Dynamat may help with some aspects but be careful which type you use. Just adding mass to the system may not provide the results we want.
The popular Dynamat (and similar other vendor products) are designed as constrained layer damping materials to deal with vibration energy in relatively stiff metal panels. The idea is that the metal skin on the mat and the metal panel of the vehicle form the sandwich for the deformable layer of goop. The goop goes into a shear mode as the panels flex and converts the sound energy to heat. This is very effective, if you have a thin metal panel which is flexing sufficiently to move the goop into it’s shear mode where it converts stress to heat and out of it’s nominal elastic mode. It’s hard to get this right and using a material designed for thin metal panels in vehicles on a sheetrock, plywood, MDF etc. wall is unlikely to work.
The common ‘knockoff’ clones which are just a heavy rubbery or bitumen material generally only serve to reduce the resonant frequencies of panels they’re attached to by increasing the mass without increasing stiffness, thus their use inside speaker cabinets to move midrange resonances to less objectionable octaves.
The multi-layer dense foams can work like the dense rockwool in terms of reducing transmission of noise, they’re also pretty good at reducing reflection of higher frequency noise.
Different frequency ranges;
Dealing with different frequency ranges requires different approaches and a combination of absorbtion and decoupling is generally required to get good performance across the audible range.
At mid to high frequency (router noise, spindle whine etc.) relatively thin sound absorbers such as the Dynamat foams on the inside of an enclosure can be very effective. Many folks have built enclosures for their Shapeoko with acrylic windows to view through and these still disrupt the high frequency elements quite effectively.
This is because short wavelength sounds are much easier to absorb and disrupt. That’s why when you close a door or go downstairs from the party you’re left with the thump thump thump, bass just wafts through most things due to longer wavelengths and reduced absorbtion efficiency. Bass sees wooden floors and joists as a propagation path, not a barrier.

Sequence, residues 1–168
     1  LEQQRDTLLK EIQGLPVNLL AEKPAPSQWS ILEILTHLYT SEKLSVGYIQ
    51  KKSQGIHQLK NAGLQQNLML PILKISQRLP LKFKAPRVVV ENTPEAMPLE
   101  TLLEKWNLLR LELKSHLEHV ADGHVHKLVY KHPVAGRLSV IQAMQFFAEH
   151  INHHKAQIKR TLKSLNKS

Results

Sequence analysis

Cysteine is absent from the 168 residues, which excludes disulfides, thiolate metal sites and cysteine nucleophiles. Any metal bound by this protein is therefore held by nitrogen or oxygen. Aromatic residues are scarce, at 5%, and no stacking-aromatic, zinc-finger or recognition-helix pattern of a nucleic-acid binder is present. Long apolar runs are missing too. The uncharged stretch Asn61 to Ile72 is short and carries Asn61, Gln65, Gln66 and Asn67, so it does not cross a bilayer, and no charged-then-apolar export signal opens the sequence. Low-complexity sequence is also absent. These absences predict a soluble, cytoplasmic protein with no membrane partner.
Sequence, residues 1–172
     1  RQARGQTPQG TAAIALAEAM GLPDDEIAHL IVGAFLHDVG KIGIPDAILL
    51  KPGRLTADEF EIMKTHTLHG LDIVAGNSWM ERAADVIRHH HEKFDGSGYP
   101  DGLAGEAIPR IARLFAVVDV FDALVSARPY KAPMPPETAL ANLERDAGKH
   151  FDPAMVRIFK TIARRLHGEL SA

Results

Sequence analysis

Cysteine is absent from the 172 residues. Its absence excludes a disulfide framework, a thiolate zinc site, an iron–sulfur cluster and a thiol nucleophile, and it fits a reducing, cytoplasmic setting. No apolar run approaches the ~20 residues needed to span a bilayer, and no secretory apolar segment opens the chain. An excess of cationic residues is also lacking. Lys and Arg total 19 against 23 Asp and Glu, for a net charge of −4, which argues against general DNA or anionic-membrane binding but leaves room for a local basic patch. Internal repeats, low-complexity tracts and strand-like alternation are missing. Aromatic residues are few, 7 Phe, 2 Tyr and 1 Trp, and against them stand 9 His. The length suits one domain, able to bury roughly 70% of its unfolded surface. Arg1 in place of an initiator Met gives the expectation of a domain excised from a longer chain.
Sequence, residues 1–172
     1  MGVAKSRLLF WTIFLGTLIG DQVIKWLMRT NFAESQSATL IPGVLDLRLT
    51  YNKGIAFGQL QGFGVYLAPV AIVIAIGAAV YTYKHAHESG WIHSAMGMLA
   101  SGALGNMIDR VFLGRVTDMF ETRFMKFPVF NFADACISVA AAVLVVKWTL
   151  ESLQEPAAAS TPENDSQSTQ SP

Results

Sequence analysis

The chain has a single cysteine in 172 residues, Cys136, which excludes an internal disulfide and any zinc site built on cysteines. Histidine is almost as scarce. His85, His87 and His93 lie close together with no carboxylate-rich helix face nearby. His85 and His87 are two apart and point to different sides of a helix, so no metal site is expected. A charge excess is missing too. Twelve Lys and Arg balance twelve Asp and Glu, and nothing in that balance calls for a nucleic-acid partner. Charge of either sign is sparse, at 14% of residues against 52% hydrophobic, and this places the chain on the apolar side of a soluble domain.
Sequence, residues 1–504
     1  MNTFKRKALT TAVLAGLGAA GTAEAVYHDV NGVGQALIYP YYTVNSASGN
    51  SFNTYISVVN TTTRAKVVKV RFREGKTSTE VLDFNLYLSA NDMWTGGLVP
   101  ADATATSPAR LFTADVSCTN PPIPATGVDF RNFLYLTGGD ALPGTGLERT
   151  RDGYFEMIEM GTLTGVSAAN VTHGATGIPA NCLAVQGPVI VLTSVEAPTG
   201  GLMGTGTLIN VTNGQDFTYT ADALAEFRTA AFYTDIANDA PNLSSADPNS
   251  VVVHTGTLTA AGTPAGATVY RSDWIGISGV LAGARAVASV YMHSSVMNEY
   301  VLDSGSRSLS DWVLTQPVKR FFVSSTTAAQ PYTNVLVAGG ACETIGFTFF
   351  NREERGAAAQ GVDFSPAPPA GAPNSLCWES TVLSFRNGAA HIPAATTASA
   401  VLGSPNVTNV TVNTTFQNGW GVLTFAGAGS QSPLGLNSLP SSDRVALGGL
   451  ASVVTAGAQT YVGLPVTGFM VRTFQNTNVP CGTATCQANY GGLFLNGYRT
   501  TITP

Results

Once we get to lower frequencies and longer wavelengths mechanical transmission becomes the issue. You could fill the enclosure with absorbing dense foams and the people downstairs would hear the axis moves and low frequency elements of the cutting noise perfectly because the sound is transmitted through the feet of the Shapeoko to the table, through the legs to the floor etc.
To deal with these lower frequency elements we need to find a way to stop the low frequency energy propagating from the machine to the walls, floor etc. There’s two parts to this, direct noise conduction through the frame and sound passing through walls etc.
Low frequency sound is normally mitigated by decoupling, which works best when a flexible coupling is carefully tuned between the two masses to not pass the problem frequency range.
We’re not really in a position to calculate this so what we need is something rubbery which will support the machine effectively but flex in the low frequency range rather than passing vibration to the floor. There are assorted anti-vibration feet and similar products out there, the key is flexible couplings between masses.
As for walls, there’s lots of stuff out there but fundamentally, the things that work in lower frequencies are decoupling, not absorbing, split stud is popular as it’s not much more space than a regular stud wall.
The key thing is to deal with the noise as close to source as possible so an enclosure around the Shapeoko, maybe double-skinned (without battens linking the skins across their faces to reduce transmission) and fill the cavity with Dynamat foam absorber etc. (not the aluminium constrained layer materials) would work for the higher frequency sounds. Next up, isolate the low frequency noise, vibration isolating feet under the shapeoko are an option but require some experimentation to not add lots of harmful vibration to the Shapeoko frame. Sound isolating feet between the table and the floor are likely the best option and I’d be tempted to use a few concrete paving slabs on the floor as the resting point for the vibration isolating feet.
You could also do a double table top with a small torsion box for the Shapeoko to sit on which itself sits on a layer of the foamy floor insulating Dynamat on top of the lower table top which is attached to the legs. Not sure how well this would work, depends on the effective tuning of the mass and the springiness of the foams but I’ve done this type of isolating for noisy air conditioning units to good effect.